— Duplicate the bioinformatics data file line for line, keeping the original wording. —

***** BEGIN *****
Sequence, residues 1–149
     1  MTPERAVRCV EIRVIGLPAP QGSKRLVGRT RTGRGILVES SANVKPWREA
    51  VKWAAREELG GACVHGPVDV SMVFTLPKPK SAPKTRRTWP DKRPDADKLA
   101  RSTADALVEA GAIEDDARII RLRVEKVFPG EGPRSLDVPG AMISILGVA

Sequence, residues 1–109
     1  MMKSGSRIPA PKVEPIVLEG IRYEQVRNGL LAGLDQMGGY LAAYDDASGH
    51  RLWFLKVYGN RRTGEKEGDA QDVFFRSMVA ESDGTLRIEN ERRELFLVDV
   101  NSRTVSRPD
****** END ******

Sequence, residues 1–149
     1  MTPERAVRCV EIRVIGLPAP QGSKRLVGRT RTGRGILVES SANVKPWREA
    51  VKWAAREELG GACVHGPVDV SMVFTLPKPK SAPKTRRTWP DKRPDADKLA
   101  RSTADALVEA GAIEDDARII RLRVEKVFPG EGPRSLDVPG AMISILGVA

Sequence, residues 1–109
     1  MMKSGSRIPA PKVEPIVLEG IRYEQVRNGL LAGLDQMGGY LAAYDDASGH
    51  RLWFLKVYGN RRTGEKEGDA QDVFFRSMVA ESDGTLRIEN ERRELFLVDV
   101  NSRTVSRPD